The food of the Winter Wren consists chiefly of spiders, caterpillars, and small moths, as well as larvae. Towards autumn it eats small juicy berries. 

Having lately spent a winter at Charleston, in South Carolina, with my worthy friend JOHN BACHMAN, I observed that this little Wren made its appearance in that city and its suburbs in December. On the 1st of January I heard it in full song in the garden of my friend, who informed me that in that State it does not appear regularly every winter, but is sure to be found during very cold weather. 

The Winter Wren so closely resembles the European Wren, that I was long persuaded of their identity; but a careful comparison of a great number of specimens, has convinced me that permanent differences in colouring may be pointed out, although still I am not by any means persuaded that they are specifically different. 

WINTER WREN, Sylvia Troglodytes, Wils. Amer. Orn., vol. i. p. 139. 
TROGLODYTES HYEMALIS, Winter Wren, Swains. & Rich. F. Bor. Amer., vol. ii.p. 318. 
WINTER WREN, Troglodytes hyemalis, Nutt. Man., vol. i. p. 427. 
WINTER WREN, Troglodytes hyemalis, Aud. Orn. Biog., vol. iv. p. 430.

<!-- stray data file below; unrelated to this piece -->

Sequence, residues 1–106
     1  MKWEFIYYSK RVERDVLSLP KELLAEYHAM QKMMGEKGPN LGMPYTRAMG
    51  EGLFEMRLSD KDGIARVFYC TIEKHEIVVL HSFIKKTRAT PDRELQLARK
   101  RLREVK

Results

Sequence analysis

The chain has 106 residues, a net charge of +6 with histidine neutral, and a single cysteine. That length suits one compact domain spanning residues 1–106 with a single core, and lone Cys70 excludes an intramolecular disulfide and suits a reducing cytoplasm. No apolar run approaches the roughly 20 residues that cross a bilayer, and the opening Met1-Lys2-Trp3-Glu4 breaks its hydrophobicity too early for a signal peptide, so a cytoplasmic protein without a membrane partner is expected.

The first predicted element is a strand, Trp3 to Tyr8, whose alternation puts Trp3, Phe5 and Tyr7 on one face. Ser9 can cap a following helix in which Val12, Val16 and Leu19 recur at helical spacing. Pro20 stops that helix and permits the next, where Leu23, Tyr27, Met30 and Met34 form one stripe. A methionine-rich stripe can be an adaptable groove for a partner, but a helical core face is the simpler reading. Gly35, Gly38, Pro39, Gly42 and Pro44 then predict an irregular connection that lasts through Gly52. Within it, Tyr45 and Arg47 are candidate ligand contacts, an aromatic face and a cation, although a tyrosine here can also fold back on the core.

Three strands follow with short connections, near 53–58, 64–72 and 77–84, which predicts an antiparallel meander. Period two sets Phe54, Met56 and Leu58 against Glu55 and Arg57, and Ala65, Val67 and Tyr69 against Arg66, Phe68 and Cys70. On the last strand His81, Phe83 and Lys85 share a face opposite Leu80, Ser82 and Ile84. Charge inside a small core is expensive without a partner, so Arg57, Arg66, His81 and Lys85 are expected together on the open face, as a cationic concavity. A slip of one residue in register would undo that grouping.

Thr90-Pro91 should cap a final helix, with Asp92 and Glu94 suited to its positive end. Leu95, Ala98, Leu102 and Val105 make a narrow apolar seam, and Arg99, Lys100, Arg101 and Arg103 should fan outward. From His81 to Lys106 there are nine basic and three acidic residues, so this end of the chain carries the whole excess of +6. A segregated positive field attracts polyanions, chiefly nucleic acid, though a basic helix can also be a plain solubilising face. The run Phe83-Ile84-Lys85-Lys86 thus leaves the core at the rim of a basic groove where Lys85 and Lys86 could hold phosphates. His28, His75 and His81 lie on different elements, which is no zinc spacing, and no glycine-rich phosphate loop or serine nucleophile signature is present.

Adult Male. 

Bill rather long, slender, tapering, acute, nearly straight, subtrigonal at the base, compressed towards the end. Upper mandible with the dorsal outline slightly arched, the ridge narrow, the sides sloping at the base, towards the end slightly convex and erect, the edges sharp, direct, without notae; lower mandible with the angle narrow and rather acute, the dorsal outline straight, the back narrow, the edges sharp and inflected, the tip very narrow; the gape-line very slightly arched. Nostrils linear-oblong, basal. 

Head ovate, of moderate size, neck short; body ovate. Feet of ordinary length; tarsus compressed, with seven anterior scutella, of which the upper are indistinct; toes rather large, compressed; first large, and much longer than the two lateral, which are equal, the third much longer; the third and fourth coherent as far as the second joint of the latter. Claws long, arched, extremely compressed, laterally grooved, acute.